When I was in Bath, De at Midsomer Quilting let me use her class room when the shop was shut to do some quilting - piecing is possible in the flat, quilting most definitely is not. I was making a reversible quilt and limited in thread to what I had with me/ could buy in the shop which (wonderful though it is) does not stock my preferred Bottom Line by Superior. So, I had a 30 weight Sulky in the bobbin ( way heavier than I would usually use but it looks good in the reversible back) and a King Tut in the top and set off doing my favourite leaf motif.
All was well. I went out for lunch. Ate a wonderful cheesecake. Came back. Machine had a hissy fit. Probably because I did not bring her any creme egg cheesecake. No way would the tension work on the bottom. (My machine is definitely a girl machine). I cleaned her. I oiled her. I played with the tension. I talked nicely to her.I swapped the bobin case. I changed her needle and promised her a whole cake to herself. I turned the quilt upside down and reversed the threads. More hissy fitting. I turned her off and sulked all the way home. I had not even planned to quilt ( as opposed to piece) whilst I was away but now I had started, the new plan was to finish the thing and she was not playing along. BAD machine. Clearly she needed to go to hospital.
I look in the local phone book. Bath Sewing Machine centre ( 'Two hours service: we collect') is five mins walk away albeit via some ridiculously steep streets. I ring at 8.30 the next am. Can he fix my Janome Memorycraft, NOW? Yes, he can do it if I bring in in straight away. Bring it? I thought he collected. No, not today because he is in the shop alone. I call a taxi. I get there. Shop closed. But hang on - didn't he answer the phone twenty mins ago? Apparently he has it on divert. I sit on a stone bench across the road and pretend I am an undercover cop on surveillance. The shop looks ominously shabby. The machines in the window are - well, antique. But then we use a magic cobbler at home who works out of a hovel and does great work. Means nothing.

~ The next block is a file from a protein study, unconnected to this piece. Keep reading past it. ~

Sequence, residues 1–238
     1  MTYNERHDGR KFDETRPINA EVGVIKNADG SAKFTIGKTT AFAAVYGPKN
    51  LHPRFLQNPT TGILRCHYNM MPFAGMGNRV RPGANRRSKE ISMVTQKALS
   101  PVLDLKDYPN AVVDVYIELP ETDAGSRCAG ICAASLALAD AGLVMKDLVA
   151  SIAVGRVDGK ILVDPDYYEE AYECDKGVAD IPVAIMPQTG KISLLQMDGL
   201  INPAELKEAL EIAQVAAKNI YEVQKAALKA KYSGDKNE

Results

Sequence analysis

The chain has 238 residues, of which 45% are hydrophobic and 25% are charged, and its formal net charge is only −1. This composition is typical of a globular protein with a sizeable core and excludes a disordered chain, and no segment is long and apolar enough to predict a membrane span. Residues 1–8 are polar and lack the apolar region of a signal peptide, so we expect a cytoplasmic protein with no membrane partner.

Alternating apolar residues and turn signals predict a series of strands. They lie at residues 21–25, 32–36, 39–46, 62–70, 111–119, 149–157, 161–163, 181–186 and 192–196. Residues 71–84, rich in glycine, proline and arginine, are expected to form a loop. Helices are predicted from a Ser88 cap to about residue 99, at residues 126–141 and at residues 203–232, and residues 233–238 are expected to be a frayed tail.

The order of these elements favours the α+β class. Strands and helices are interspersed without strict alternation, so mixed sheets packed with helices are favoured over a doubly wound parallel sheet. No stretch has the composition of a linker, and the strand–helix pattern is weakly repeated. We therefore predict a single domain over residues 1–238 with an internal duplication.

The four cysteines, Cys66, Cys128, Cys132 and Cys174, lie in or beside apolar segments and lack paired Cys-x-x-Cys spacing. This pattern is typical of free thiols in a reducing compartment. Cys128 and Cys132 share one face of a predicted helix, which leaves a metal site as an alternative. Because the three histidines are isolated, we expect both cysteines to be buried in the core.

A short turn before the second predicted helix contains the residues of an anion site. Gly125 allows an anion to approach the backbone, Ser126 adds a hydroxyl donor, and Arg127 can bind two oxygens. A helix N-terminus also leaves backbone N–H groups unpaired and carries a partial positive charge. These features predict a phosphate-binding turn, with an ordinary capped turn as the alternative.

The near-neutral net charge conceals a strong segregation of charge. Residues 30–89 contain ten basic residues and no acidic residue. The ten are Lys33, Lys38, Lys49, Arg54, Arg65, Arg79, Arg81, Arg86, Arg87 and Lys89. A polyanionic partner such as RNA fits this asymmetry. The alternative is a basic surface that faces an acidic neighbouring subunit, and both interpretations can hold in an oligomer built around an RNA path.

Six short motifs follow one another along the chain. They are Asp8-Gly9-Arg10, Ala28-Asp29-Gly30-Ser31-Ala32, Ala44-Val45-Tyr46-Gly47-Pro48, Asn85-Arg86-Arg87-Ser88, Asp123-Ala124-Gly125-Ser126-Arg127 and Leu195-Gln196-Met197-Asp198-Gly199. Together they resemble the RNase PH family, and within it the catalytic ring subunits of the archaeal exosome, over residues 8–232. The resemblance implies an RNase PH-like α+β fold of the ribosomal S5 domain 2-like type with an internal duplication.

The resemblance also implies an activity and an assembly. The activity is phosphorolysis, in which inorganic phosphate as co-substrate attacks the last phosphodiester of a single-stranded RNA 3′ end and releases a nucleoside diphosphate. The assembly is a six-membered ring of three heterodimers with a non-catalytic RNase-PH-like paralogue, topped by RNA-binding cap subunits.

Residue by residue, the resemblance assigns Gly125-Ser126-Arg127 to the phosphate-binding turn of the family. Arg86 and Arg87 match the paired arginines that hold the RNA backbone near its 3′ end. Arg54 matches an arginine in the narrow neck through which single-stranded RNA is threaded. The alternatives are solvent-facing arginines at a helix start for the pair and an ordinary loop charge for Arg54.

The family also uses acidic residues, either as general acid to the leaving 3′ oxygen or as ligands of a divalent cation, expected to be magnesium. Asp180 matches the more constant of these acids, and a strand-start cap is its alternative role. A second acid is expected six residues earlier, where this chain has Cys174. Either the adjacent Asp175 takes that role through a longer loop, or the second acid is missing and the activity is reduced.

The man eventually arrives. He tells me off for ringing so early. (Excuse me? Why have your hovel, sorry, shop phone diverted to home if you don't want customers to ring you?) He peers at the machine.
"Oooh." he says. "It be com-pew-'ur- ised. They're buggers them things when they go wrong, they are." (Anyone not familiar with a strong Somerset accent please think 'Pirates').
I put a protective hand on my machine. I am sure she shrinks towards me in a combination of contrition and fear that she might get left with this butcher.
"Do you know what you are doing with it?"
"Not really, no."
Right. He did lend me his phone book and I rang the Husqvarna centre which I had previously ignored despite knowing where it was since they are an entirely different brand. No problem, bring it in. I call another taxi. The driver's wife is a sewer of children's clothes and we talk overlockers and I pretend not to notice that he is driving the long way around under the pretext of not wanting me to have to cross the road when we get there. That's the road with the pedestrian crossing ten yards from the shop.
At the Husqvarna Studio Bath the nice man in this Photo spends quite some time fiddling with it. Fixes it, won't charge me and lets me leave it there for a few hours while I go shopping. Nice man - go and buy some fabric from him if you are in Bath.
Why I am I telling you this now? Because I have just finished the quilting and the machine is purring like a fluffy little lap cat. Good girl! Now, what happened to that dessert I could swear I left in the fridge?